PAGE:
Safety Information for Burning Vegetation at Home

Burn piles can be an effective task to minimize the potential fire damage that can take place close to your home - as long as burning techniques are utilized safely!

Safety Information for Burning Vegetation at Home

Regular burning of vegetation on your property is, ironically, a wonderful way to prevent wildfires. This kind of maintenance is typically completed in the springtime. It may sound intimidating to conduct your own burn pile. However, safely ridding of vegetation in this manner is very helpful for fire resistance on your property. Here are some guidelines to follow so you can burn in a safe manner.
 

How to Conduct a Burn Pile

First, contact your local fire department to obtain a burn permit. They will provide you with additional safety information so you can burn effectively. Typically, when weather is generally too hot and land is dry, a burn ban will be put in place for the season. You will also be instructed to check in with a specific location on whether a designated day is a “burn day.” Days that are windy and dry are not permissible burn days. Piles may not be larger than 4’ in diameter and you must place your burn pile at least 10’ (starting from the outside of your pile) away from any other flammable materials. Typically, only one burn pile may operate at a time. Make sure to have a long hose and shovel available; keeping the outside area of the burn pile wet can prevent a burn pile from escalating out of control.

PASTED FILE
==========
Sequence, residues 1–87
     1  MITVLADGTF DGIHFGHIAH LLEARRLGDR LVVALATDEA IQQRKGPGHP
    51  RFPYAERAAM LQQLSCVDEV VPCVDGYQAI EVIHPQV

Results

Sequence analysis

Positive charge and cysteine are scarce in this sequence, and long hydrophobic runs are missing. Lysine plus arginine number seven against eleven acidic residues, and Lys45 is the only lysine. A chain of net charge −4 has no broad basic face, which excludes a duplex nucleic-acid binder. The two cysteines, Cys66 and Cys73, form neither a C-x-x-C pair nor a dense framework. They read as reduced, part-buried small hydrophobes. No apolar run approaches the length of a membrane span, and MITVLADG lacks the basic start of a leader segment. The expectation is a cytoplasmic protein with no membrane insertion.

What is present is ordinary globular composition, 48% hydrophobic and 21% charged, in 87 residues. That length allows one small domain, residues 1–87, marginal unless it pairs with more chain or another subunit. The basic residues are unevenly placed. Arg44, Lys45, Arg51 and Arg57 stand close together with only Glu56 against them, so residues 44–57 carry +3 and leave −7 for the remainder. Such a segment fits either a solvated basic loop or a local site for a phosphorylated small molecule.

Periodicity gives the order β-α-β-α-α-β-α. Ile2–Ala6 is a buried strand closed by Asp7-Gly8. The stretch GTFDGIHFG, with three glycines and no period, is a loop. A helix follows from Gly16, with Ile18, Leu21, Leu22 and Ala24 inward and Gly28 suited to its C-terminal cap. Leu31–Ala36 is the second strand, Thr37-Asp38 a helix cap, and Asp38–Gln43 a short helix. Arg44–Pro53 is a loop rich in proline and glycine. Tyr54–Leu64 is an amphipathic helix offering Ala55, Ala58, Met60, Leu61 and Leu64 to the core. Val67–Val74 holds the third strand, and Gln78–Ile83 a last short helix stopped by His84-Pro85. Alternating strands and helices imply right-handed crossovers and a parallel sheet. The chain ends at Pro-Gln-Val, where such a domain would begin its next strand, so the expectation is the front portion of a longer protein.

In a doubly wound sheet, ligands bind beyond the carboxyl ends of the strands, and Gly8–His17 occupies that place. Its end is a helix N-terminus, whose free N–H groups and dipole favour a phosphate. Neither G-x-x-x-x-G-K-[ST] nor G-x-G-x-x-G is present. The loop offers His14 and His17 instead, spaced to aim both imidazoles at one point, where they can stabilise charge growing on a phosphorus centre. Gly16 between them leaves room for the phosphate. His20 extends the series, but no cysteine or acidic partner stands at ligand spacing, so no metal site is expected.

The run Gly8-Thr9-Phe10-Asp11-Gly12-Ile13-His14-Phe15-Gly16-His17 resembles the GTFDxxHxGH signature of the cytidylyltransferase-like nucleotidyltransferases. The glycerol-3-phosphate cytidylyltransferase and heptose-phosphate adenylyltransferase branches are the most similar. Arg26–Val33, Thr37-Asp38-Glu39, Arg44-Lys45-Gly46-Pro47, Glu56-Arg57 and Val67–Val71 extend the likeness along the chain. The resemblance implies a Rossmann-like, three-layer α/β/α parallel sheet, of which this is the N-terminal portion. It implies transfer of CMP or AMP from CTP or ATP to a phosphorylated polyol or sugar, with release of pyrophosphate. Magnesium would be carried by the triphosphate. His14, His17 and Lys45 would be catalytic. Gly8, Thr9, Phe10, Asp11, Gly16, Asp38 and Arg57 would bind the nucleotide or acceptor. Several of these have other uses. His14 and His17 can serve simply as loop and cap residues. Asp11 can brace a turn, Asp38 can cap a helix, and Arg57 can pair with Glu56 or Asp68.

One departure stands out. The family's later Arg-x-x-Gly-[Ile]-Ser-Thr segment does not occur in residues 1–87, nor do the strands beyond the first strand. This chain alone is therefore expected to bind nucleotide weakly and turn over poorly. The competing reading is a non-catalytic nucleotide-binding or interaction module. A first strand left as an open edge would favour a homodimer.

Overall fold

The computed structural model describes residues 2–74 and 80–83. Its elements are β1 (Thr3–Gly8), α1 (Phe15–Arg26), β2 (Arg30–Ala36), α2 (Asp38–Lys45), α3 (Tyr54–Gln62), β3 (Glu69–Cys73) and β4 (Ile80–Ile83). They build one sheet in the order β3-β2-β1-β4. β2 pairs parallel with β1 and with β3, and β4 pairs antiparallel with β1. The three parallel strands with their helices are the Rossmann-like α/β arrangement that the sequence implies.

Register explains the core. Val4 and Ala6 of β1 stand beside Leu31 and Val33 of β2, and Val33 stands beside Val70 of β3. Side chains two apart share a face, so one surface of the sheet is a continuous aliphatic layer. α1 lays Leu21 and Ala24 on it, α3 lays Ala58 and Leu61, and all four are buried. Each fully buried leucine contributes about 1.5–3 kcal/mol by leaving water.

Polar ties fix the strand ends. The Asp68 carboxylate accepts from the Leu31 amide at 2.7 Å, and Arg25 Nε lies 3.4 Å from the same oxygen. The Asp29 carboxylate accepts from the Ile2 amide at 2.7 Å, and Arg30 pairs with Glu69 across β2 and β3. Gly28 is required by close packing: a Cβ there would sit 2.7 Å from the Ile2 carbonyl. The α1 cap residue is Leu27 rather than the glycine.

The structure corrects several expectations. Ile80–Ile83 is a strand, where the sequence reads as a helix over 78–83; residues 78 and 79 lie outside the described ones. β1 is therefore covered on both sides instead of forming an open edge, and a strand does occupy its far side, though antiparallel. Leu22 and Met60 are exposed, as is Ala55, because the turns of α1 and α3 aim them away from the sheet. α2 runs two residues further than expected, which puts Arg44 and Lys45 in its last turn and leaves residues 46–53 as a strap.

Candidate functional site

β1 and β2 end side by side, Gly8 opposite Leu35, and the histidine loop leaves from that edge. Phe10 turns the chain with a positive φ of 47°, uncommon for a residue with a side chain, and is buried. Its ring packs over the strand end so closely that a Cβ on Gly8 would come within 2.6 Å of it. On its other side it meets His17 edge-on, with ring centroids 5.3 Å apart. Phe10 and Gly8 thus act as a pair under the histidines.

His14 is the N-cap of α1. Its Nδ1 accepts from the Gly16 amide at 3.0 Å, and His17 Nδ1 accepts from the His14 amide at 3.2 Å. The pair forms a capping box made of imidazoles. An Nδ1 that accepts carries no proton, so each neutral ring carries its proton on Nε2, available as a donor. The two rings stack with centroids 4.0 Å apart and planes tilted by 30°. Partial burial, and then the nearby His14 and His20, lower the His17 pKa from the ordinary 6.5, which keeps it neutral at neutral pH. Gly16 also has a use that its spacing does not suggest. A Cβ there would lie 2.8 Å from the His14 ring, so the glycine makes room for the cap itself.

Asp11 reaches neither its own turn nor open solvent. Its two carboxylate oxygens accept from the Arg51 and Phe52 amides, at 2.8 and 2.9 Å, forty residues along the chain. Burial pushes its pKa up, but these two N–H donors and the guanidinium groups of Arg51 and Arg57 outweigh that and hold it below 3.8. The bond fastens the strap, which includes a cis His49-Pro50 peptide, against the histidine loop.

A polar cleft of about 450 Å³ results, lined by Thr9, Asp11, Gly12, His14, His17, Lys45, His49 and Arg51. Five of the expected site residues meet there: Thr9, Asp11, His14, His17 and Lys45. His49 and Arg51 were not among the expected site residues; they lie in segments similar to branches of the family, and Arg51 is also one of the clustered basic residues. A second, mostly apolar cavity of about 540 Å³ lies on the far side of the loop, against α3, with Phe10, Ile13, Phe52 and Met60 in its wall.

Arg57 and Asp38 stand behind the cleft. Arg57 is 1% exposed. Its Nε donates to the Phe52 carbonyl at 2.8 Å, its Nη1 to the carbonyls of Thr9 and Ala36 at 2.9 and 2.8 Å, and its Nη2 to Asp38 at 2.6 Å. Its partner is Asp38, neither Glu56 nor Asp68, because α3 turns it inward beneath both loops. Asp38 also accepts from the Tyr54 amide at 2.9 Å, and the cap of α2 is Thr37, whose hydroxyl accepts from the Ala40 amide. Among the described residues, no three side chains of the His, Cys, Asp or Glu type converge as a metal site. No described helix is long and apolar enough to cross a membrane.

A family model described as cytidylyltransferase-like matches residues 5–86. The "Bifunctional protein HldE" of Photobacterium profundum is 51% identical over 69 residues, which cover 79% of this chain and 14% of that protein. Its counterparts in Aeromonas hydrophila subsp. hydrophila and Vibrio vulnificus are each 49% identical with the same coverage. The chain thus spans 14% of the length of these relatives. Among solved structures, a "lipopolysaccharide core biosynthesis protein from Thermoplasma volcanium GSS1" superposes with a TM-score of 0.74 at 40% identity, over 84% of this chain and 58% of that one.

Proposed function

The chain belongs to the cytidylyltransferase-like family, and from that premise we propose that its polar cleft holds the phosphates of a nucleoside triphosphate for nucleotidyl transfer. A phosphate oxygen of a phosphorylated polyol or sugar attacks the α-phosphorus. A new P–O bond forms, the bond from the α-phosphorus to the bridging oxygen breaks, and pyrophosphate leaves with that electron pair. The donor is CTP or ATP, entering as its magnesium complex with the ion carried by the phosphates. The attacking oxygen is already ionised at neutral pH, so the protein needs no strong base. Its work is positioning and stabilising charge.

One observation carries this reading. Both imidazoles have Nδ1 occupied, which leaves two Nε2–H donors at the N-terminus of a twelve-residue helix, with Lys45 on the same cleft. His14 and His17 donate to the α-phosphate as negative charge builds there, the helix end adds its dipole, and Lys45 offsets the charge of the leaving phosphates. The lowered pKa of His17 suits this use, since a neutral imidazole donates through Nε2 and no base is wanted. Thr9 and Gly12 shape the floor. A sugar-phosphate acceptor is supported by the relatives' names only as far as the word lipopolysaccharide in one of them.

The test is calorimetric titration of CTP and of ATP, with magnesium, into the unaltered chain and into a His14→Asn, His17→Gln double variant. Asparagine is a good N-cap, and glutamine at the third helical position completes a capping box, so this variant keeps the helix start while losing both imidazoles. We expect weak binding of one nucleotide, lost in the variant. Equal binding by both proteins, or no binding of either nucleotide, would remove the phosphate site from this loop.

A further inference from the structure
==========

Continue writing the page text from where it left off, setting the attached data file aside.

What To Burn

Acceptable burn items include dry vegetation such as branches, leaves and logs. Not accepted burn items include household trash and chemicals. Lately up and down California, clearing of trees is being conducted in heavily wooded neighborhoods and around power lines to reduce the risk of a wildfire. Maintaining a clearance of 100’ around your property is recommended, if possible, so your property can be more fire resistant.

 

Learn more about burn piles and California wildfire safety at https://www.readyforwildfire.org/prevent-wildfire/debris-burning/

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